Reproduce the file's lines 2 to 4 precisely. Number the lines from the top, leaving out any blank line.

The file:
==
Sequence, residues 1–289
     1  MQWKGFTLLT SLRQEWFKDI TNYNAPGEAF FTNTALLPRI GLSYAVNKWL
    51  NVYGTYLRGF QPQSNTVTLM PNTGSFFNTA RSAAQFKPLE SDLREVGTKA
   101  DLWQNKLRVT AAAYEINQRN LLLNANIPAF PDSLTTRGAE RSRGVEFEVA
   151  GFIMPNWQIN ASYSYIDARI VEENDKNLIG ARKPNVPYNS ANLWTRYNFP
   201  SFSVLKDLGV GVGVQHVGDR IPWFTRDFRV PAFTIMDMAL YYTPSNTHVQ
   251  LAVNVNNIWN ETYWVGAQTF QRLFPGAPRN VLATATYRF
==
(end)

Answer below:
     1  MQWKGFTLLT SLRQEWFKDI TNYNAPGEAF FTNTALLPRI GLSYAVNKWL
    51  NVYGTYLRGF QPQSNTVTLM PNTGSFFNTA RSAAQFKPLE SDLREVGTKA
   101  DLWQNKLRVT AAAYEINQRN LLLNANIPAF PDSLTTRGAE RSRGVEFEVA